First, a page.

37. The Zhou Dynasty • The leader of the Zhou territory revolted against the Shang king and established the Zhou dynasty, which lasted from 1045 to 256 B.C., making it China’s longest dynasty.  • The king was believed to connect Heaven and Earth. Among the king’s most important duties was performing rituals to strengthen the link between Heaven and Earth. (pages 91–94) Click the mouse button or press theSpace Bar to display the information. Section 3-16

  38. The Zhou Dynasty (cont.) • The Chinese had, and have, strong beliefs about the family.  • It was both the basic economic unit and a symbol of the social order.  • Most important to Chinese family life is the concept of filial piety. • Filial piety refers to the duty of family members to subordinate their needs to the male head of the family and the older generations.  • It is an important Confucian concept. (pages 91–94) Click the mouse button or press theSpace Bar to display the information. Section 3-24

  39. The Zhou Dynasty (cont.) • The Chinese began to develop a theory of government.  • The Zhou dynasty claimed it ruled by the Mandate of Heaven.  • This view stated that Heaven, an impersonal law of nature, kept order in the world through the Zhou king.  • This concept became a basic part of Chinese political theory. (pages 91–94) Click the mouse button or press theSpace Bar to display the information. Section 3-17

  40. The Zhou Dynasty (cont.) • Under the Mandate of Heaven, the king was expected to be virtuous and to rule with goodness and efficiency.  • The king was expected to rule according to the proper “Way,” called the Dao. • If he did (and he was not overthrown), the gods would be pleased. If the dynasty fell, it was because he was no longer ruling in the proper way. (pages 91–94) Click the mouse button or press theSpace Bar to display the information. Section 3-18

  41. The Zhou Dynasty (cont.) • Events like a bad harvest were signs that the gods were not pleased and grounds for overthrowing the king.  • The Mandate of Heaven, then, set forth a right of revolution.  • It also implied that the king himself was not divine.  • The Mandate of Heaven was closely tied to the dynastic cycles that governed Chinese history from its beginning to A.D. 1912. (pages 91–94) Click the mouse button or press theSpace Bar to display the information. Section 3-19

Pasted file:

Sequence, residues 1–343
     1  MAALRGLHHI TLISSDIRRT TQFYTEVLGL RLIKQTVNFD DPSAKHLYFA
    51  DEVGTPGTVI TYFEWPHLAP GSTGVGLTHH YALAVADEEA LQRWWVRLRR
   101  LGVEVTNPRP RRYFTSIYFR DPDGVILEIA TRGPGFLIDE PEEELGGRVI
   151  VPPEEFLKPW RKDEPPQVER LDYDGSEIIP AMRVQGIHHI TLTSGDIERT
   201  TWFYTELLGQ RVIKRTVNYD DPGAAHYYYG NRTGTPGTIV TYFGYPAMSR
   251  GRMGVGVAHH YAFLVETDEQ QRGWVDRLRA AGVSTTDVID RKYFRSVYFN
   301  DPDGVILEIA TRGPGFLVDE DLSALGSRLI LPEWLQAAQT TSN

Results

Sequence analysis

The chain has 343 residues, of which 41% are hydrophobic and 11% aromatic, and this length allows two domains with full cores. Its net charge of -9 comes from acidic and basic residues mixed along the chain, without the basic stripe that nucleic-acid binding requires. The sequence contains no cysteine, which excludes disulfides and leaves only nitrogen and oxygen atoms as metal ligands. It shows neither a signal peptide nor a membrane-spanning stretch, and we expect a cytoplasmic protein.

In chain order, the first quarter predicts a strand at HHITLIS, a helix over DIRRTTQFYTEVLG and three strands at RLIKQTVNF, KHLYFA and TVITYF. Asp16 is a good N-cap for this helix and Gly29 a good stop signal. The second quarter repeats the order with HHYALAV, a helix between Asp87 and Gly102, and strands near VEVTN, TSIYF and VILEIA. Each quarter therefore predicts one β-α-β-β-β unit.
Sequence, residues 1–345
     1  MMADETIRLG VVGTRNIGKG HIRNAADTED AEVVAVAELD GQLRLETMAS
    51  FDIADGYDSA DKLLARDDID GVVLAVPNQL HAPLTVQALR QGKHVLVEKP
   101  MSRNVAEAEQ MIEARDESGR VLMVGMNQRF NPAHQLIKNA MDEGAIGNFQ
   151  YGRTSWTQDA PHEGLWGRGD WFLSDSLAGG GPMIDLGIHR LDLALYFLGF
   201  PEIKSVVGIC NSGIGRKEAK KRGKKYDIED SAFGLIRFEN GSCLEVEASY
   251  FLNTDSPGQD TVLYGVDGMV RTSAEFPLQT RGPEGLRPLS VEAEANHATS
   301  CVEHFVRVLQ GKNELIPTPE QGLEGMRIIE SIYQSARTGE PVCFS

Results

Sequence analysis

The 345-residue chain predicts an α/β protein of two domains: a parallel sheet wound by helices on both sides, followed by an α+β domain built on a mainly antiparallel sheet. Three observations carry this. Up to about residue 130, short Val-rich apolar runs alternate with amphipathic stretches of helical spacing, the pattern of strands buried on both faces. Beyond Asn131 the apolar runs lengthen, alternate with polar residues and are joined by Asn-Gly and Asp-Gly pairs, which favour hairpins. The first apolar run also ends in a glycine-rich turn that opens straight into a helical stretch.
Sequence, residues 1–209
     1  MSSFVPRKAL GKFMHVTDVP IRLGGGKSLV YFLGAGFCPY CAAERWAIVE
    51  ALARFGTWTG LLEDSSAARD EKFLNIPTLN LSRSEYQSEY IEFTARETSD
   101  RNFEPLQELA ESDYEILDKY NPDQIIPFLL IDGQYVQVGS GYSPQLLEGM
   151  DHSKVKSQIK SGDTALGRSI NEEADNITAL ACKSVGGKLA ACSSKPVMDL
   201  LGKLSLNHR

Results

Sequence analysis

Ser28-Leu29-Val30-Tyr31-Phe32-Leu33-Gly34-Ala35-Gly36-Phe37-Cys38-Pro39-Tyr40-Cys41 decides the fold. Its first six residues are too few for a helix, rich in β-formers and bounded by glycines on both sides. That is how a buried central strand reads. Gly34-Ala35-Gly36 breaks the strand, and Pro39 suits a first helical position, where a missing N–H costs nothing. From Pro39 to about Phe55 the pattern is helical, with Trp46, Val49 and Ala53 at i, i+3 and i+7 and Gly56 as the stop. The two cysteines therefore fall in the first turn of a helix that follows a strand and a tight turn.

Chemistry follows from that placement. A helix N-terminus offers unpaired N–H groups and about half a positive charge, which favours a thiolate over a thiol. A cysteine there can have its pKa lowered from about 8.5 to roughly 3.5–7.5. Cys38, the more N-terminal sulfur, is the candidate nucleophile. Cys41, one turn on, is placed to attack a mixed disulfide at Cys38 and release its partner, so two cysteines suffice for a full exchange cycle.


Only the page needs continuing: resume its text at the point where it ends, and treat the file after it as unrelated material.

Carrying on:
42. The Chinese developed pictographic written language …and terrace farming methods...

  43. The Chinese Philosophies • From 500 to 200 B.C., three schools of thought about human nature and the universe developed in China–Confucianism, Daoism, and Legalism.  • Legalism believes that man is evil by nature and has to be controlled through harsh laws and punishments. (pages 94–97) Click the mouse button or press theSpace Bar to display the information. Section 3-29

  44. Japan • Japan develops differently from China due to geography. • The most significant difference is the Samurai warriors and their code of Bushido (Way of the Warrior) and the Shoguns (general) who were the actual power of Japan. • Unlike most island nations, trade was slow to develop and the people relied primarily on farming, in spite of the fact that 20% of Japan is arable. (pages 94–97) Click the mouse button or press theSpace Bar to display the information. Section 3-29

  45. Cradle of Western Civilization: Mesopotamia

  46. History Cultural Diffusion That different cultures shared ideas and characteristics is particularly important to this region as ideas were shared (or taken as they were conquered), modified and improved upon. During this time period a number of achievements started. • A number of successive civilizations occupied the same general area in a series of rises and falls over the course of several millennium (thousands of years).

  47. Civilization in Mesopotamia Begins Main Ideas • Mesopotamia, one of the first civilizations, began between the Tigris and Euphrates Rivers.  • The Sumerians formed city-states and created forms of communication that affect our lives today.  Key Terms • city-state  • patriarchal  • polytheistic  • cuneiform • ziggurat  • theocracy  • empire  Click the mouse button or press theSpace Bar to display the information. Section 1-1

  48. Civilization in Mesopotamia Begins Preview Questions • How did geography affect the civilizations in Mesopotamia?  Click the mouse button or press theSpace Bar to display the information. Section 1-3

  49. Click the Speaker button to listen to the audio again. Section 1-5